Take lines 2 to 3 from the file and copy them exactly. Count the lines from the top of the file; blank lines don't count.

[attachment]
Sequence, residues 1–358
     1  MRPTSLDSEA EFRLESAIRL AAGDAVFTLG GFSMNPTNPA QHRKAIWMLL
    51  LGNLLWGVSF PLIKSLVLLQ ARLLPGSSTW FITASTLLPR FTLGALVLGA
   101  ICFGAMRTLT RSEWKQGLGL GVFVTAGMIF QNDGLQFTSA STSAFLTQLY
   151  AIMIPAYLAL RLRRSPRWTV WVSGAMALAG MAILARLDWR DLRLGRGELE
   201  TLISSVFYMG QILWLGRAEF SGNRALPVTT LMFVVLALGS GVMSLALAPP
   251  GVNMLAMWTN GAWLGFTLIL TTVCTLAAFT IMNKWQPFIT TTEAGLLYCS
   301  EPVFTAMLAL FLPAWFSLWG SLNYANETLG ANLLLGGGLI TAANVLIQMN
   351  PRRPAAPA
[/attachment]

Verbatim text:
     1  MRPTSLDSEA EFRLESAIRL AAGDAVFTLG GFSMNPTNPA QHRKAIWMLL
    51  LGNLLWGVSF PLIKSLVLLQ ARLLPGSSTW FITASTLLPR FTLGALVLGA